“This is the first album that I like every cut and the packaging. That’s never happened before. I love playing every song. It is a real rock ‘n’ roll album in the spirit of The Guess Who.”
“We want to make a new legacy for both the band and the fans,” Garry assured me. Instead of just touring on the hits from yesteryear, The Guess Who is creating and sharing the music that emanates from them as productive artists. “We put a lot of love into this album,” he told me, “and we had a lot of fun!”
While Garry holds the last remaining original membership position, the band lives on in an evolved form through the talent, hard work, and love of each and every addition to the Guess Who family. When I asked him about the changing lineup, he expressed regret that Burton Cummings and Randy Bachman had chosen to part ways, that Jim Kale had retired, and that the original band was no longer intact. Yet he expressed deep appreciation for the new energy and fervor. “It’s inspiring to be with all these new musicians,” he excitedly expressed. “They are really good people with fresh new energy.” Indeed, the band has some real talent. Rudy Sarzo was a member of Quiet Riot, Ozzy Osbourne, Whitesnake, Manic Eden, Dio, Blue Öyster Cult, Geoff Tate’s Queensrÿche and Devil City Angels. Will Evankovich did work with Styx, Tommy Shaw, and Ted Nugent. The breadth and depth of this talent is incredible. This allows The Guess Who to achieve new and exciting heights. They are indeed a band once again on the rise.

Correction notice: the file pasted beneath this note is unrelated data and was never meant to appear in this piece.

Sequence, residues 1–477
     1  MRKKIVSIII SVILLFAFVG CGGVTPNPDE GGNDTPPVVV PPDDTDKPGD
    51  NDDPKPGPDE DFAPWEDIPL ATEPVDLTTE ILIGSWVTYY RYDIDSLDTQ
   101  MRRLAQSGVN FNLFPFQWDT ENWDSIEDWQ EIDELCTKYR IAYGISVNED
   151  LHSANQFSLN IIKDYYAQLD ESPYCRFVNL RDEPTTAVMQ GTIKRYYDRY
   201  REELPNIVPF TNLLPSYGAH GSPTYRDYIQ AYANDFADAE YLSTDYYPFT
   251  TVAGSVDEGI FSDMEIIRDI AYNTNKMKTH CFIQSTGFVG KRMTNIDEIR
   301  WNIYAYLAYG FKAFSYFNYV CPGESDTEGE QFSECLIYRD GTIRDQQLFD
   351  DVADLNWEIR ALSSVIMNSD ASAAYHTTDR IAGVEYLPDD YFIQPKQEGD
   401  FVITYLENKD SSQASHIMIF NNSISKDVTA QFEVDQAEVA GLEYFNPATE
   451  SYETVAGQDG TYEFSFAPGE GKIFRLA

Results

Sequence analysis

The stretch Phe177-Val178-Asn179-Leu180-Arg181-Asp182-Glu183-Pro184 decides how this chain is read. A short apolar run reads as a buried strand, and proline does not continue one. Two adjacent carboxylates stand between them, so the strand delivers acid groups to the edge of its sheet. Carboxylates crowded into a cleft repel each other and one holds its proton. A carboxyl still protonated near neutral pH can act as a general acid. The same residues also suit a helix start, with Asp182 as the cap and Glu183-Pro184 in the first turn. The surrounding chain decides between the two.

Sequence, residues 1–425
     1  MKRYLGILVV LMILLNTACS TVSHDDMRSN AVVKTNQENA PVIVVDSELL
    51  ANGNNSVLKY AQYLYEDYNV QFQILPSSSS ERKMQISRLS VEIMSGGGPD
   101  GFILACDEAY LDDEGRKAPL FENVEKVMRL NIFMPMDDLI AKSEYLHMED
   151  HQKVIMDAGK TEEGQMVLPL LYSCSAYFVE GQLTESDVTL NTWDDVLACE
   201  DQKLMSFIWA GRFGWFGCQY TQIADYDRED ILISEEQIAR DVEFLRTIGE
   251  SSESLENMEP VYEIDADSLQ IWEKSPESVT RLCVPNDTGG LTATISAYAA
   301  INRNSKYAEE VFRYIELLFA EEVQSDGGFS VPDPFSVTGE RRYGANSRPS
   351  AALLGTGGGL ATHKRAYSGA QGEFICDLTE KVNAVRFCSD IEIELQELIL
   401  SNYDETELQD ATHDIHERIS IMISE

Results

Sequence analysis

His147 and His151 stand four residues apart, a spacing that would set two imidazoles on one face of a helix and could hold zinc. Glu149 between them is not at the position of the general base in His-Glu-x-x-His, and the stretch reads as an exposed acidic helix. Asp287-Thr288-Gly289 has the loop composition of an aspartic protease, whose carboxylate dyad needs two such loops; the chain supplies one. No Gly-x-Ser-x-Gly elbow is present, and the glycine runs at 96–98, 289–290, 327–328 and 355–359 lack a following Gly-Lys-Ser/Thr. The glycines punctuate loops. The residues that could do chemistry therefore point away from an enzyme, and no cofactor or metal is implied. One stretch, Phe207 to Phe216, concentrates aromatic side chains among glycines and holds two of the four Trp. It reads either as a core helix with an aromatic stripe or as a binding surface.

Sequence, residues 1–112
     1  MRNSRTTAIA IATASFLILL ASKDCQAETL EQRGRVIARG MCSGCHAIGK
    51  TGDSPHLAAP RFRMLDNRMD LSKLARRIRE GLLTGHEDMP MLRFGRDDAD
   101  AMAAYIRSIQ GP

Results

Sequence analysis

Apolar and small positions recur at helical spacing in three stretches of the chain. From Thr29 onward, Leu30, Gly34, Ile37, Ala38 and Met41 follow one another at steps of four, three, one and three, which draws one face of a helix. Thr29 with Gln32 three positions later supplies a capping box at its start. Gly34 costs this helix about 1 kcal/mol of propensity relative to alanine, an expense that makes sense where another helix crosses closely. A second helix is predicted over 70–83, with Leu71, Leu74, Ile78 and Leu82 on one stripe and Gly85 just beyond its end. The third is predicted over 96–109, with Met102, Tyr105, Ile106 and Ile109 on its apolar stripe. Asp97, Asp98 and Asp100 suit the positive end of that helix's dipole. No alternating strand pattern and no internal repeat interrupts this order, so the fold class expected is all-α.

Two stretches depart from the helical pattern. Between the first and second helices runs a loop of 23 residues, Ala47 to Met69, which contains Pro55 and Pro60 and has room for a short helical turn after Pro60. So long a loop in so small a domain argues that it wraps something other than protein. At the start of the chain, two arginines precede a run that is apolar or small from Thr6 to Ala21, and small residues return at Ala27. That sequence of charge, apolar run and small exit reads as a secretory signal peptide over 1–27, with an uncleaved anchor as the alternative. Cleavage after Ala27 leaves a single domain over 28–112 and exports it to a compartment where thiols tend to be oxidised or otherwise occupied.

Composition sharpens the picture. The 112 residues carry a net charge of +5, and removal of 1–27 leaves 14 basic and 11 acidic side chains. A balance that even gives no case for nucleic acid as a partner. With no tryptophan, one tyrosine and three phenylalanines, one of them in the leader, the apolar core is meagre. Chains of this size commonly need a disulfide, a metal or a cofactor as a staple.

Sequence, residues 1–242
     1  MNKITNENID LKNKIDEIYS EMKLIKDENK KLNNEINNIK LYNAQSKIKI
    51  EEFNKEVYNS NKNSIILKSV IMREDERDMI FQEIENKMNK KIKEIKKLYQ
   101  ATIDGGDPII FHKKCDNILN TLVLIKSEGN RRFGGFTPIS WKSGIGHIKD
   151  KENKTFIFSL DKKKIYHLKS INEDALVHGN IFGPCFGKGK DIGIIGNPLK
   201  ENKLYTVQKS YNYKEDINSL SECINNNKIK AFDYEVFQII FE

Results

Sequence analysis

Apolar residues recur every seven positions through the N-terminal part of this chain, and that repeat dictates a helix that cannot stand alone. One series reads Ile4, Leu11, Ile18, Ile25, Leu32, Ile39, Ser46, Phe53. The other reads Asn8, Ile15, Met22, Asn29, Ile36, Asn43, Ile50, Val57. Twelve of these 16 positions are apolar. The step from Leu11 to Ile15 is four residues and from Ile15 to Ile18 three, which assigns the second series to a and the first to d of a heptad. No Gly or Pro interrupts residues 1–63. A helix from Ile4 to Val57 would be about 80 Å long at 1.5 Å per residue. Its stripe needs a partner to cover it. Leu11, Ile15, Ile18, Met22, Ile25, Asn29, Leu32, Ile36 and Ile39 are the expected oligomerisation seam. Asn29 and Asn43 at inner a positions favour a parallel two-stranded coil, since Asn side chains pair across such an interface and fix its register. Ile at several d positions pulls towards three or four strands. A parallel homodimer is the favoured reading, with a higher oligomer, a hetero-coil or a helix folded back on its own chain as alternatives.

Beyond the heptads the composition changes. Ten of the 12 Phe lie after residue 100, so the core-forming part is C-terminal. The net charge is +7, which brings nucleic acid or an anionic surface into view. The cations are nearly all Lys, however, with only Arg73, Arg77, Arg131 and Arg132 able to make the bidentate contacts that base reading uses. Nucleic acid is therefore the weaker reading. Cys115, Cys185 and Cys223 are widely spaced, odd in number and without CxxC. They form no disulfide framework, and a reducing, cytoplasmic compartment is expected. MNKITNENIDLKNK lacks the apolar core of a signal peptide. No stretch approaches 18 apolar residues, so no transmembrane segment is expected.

Each track on the album has its own unique sound and feel. I’ll tell you about a few of my favorites.
“When We Were Young” features powerful lyrics, funky bass lines, and a breakdown guitar solo, with an onpoint backup set of riffs that really kicks. Furthermore, I love the line, “Never mind the money, we did it for the love when we were young.” This I feel sums up the spirit of this new band and this new album. It is a passionate project by passionate artists.
“Running Blind” highlights Derek’s talent as a singer. The background harmonies and overtones bring out something like The Eagles, but the sax adds a touch of blues.
“Haunted” has a lower tempo emotional presence. The piano is beautiful and the guitar which comes in halfway through brings us to the rock ‘n’ roll blues.
“In America” is great road trip music, perfect for cruisin’ around the town or country. This is a country rock anthem with the perfect hint of harmonica and piano sprinkled into the mix.
“Playin’ On The Radio,” the band’s first single off the album, is a tribute to the days of radio DJs and jukeboxes. It is the song that most captures that feeling of the era the way Garry spoke about it. This is a nickel-for-a-song, drive-around-town, hangin’-with-friends-at-Lookout-Point kind of classics.
“Long Day” is a low and slow jam. It brings us down and fades us out with the band as they close the album. The symbol fade out is a really great touch. No other song would have been better in this slot.
“The Future IS What It Used To Be” is the future of The Guess Who. It is a return to the tried and true, the authentic, the roots, while also moving the band into some bold new territory. It is amazing how these classic sounding songs feel so fresh, on key, and altogether new. Instead of chasing their shadow and the glory of ‘69 and ‘70, The Guess Who is now making a new legacy that is worthy of their name. This album, while in itself a great hit, is more than that. It reminds us that classic rock doesn’t have to be something of the past. Real, creative, new classics can be just as relevant in 2018 as in 1968. Rock ‘n’ roll doesn’t have to be merely the past. It can be the present and future as well.